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Cyprus Economic Development

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Cyprus has a record of successful economic performance reflected in rapid growth, full employment conditions, and external and internal stability, almost throughout the post-Independence period (from 1960). In terms of per capita income - currently estimated at US $12,687 (2003) - Cyprus is classified among the high-income European countries. The economy of Cyprus is 73.1 percent free, according to our 2007 assessment, which makes it the world's 20th freest economy. Its overall score is 0.2 percentage point lower than last year, partially reflecting new methodological detail. Cyprus is ranked 12th out of 41 countries in the European region, and its overall score is higher than the regional average. The first development plan (1962-66), designed to broaden the base of the economy and to raise the standard of living, resulted in an average annual real growth rate of 5.4%. The second development plan (1967-71) called for an annual growth rate of 7% in the GDP; actual growth during this period was nearly 8% annually. The third development plan (1972-76) envisaged an annual economic growth rate of 7.2%, but a drought in 1973 and the war in 1974 badly disrupted development programs. Physical destruction, a massive refugee problem, and a collapse of production, services, and exports made it impossible for Cyprus to reach the targets.

Until July 1974 the Cyprus economy was developing vigorously, particularly the agricultural sector which accounted for more than one third of the GDP. The tourist and light industry sectors were also growing. After the events of 1974 light industry was the engine of growth until the mid 1980's. By the late 1980's services replaced industry with tourism being the driving force of economic development. Since 1974 there has been a de facto partition of the island with the Turkish Cypriot community in the north and the Greek Cypriots in the south. Since 1975, multi-year emergency economic action plans inaugurated by the Republic of Cyprus have provided for increased employment, incentives to reactivate the economy, more capital investment, and measures to maintain economic stability. Since its military intervention in 1974, Turkey has provided substantial financial aid to the Turkish Cypriot area. In 1996, this assistance was estimated to be approximately one-third of the area's GDP, or approximately $175 million. The 1994-98 Strategic Development Plan emphasized a free-market, private-sector economic approach with a target GDP growth of 4% annually. The plan called for a domestic savings rate of 22.3% of GDP; an increase of labour productivity of 2.8% between 1994-96; an inflation rate of approximately 3%, and unemployment no greater than 2.8%. As of 1996, Cyprus has largely met these goals with the exception of less than target levels of savings and productivity.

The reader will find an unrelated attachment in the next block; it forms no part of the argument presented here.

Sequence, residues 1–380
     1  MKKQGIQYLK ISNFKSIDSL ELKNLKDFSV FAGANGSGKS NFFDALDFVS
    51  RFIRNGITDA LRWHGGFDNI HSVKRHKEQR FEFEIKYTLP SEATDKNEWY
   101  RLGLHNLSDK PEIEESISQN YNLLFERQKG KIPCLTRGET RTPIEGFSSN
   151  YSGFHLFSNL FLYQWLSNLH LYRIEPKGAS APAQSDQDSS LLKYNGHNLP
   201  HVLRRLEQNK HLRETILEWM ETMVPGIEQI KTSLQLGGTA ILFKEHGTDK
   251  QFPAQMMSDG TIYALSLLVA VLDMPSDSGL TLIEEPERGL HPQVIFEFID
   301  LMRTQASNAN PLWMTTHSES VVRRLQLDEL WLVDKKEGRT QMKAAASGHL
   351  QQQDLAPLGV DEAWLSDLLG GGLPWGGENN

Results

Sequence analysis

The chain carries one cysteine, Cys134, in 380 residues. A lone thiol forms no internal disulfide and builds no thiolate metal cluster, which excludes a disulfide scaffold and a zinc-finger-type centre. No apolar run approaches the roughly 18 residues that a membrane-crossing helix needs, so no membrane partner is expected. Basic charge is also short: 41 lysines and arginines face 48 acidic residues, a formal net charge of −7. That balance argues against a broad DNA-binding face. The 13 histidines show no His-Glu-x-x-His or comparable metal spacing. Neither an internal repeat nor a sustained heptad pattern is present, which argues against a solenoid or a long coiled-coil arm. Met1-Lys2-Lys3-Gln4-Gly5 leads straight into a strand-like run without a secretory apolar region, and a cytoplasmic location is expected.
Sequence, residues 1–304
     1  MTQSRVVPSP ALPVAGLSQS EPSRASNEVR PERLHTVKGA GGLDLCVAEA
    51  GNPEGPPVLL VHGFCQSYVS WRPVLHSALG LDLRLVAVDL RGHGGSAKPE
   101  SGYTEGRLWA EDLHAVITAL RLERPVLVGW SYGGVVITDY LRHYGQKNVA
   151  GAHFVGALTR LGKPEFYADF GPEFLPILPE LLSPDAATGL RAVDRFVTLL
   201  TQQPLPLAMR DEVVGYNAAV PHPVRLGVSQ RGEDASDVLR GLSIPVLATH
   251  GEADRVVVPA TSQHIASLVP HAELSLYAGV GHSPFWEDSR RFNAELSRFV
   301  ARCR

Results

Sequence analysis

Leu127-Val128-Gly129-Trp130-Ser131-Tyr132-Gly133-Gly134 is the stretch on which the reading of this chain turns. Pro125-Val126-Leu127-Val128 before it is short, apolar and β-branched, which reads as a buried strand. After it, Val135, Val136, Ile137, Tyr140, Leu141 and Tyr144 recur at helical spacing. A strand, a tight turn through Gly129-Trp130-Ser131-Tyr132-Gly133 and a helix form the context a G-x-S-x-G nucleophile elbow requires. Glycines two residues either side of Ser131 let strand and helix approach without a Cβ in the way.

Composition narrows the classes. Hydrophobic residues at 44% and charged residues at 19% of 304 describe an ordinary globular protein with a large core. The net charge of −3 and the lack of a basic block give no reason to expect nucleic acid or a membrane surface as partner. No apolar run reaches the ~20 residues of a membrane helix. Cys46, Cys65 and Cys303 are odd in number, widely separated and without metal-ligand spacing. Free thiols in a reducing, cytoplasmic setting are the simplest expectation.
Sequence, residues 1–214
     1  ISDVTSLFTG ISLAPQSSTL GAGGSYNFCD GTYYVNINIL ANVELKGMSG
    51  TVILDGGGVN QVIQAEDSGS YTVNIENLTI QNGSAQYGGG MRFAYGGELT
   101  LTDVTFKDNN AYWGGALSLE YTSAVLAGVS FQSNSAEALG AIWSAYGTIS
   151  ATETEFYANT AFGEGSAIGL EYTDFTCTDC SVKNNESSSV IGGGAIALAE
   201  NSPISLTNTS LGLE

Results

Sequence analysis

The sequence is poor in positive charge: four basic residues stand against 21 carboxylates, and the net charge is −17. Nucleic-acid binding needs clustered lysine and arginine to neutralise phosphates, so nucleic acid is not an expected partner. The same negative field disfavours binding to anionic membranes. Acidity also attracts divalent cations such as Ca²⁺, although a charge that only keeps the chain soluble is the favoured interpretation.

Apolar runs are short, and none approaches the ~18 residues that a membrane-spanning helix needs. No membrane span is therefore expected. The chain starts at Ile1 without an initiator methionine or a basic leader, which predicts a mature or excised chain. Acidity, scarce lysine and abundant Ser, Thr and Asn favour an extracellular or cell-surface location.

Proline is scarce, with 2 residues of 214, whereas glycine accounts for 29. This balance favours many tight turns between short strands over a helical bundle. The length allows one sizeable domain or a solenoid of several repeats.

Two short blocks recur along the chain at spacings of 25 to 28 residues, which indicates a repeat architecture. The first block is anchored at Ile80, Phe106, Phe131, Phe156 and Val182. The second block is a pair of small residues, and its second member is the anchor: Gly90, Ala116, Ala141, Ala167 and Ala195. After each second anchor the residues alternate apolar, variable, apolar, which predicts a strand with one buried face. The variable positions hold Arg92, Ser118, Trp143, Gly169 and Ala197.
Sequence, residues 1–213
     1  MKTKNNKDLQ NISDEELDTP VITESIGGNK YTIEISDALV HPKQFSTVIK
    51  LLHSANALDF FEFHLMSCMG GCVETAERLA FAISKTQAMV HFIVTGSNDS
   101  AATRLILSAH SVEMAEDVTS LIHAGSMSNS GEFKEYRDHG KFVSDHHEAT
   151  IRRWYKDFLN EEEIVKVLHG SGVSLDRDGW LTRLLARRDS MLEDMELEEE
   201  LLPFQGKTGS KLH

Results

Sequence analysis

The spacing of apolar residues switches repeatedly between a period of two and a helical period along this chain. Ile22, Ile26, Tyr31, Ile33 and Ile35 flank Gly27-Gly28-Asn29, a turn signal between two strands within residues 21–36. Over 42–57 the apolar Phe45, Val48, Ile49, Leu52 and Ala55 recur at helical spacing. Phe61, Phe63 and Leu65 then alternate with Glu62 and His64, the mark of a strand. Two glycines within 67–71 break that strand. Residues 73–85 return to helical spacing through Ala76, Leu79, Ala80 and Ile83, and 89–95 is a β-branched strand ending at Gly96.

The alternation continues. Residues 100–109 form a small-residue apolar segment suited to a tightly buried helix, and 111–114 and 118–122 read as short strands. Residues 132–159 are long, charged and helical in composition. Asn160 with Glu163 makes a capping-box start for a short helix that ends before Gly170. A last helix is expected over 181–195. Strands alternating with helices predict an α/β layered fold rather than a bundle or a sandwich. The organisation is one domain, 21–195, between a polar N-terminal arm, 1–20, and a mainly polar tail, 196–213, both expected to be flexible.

Membership in the European Union (EU) is a major goal of the Republic of Cyprus. As a result, Cyprus is harmonizing its laws in accordance with EU standards. At the December 1999 EU summit in Helsinki, Cyprus joined the list of candidates for entry. The Republic of Cyprus has also offered to allow a Turkish Cypriot delegation in its negotiating group. Turkish Cypriots, however, oppose Greek Cypriot entry into the EU prior to both a political settlement of the island's division and Turkish accession to the EU. Many observers believe it unlikely that the EU will allow the Republic of Cyprus to join prior to the island's reunification. Greece, however, has threatened to veto any EU expansion if Cyprus is denied entry, regardless of the political situation on the island. The Greek Cypriot economy is dominated by the service sector, especially tourism and financial services. The desire to meet EU requirements has helped to liberalize the economy. Since EU accession, Greek Cypriot fiscal policy has focused on consolidating the budget to prepare for entry into the Economic and Monetary Union, the central bank has sped the liberalization of capital flows, and government control of the economy has declined to around 25 percent. The government, however, enjoys significant trade union support and is unlikely to privatize remaining state-owned companies such as airports, power utilities, or the Cyprus Telecommunications Authority. In simultaneous referenda on 24 April 2004, a clear majority of Turkish Cypriots voted "yes" to UN Proposals for a 'Comprehensive Settlement to the Cyprus Problem', while a majority of Greek Cypriots rejected them. As a result, on 1 May, a divided Cyprus joined the EU but with the EU acquit suspended in the north of the island. EU Foreign Ministers, meeting in Luxembourg on 26 April, asked the European Commission to bring forward comprehensive proposals to put an end to the isolation of the Turkish Cypriot community, with particular emphasis on the economic integration of the island and on improving contact between the two communities and the EU. The Council also recommended that the 259 million Euros earmarked for the northern part



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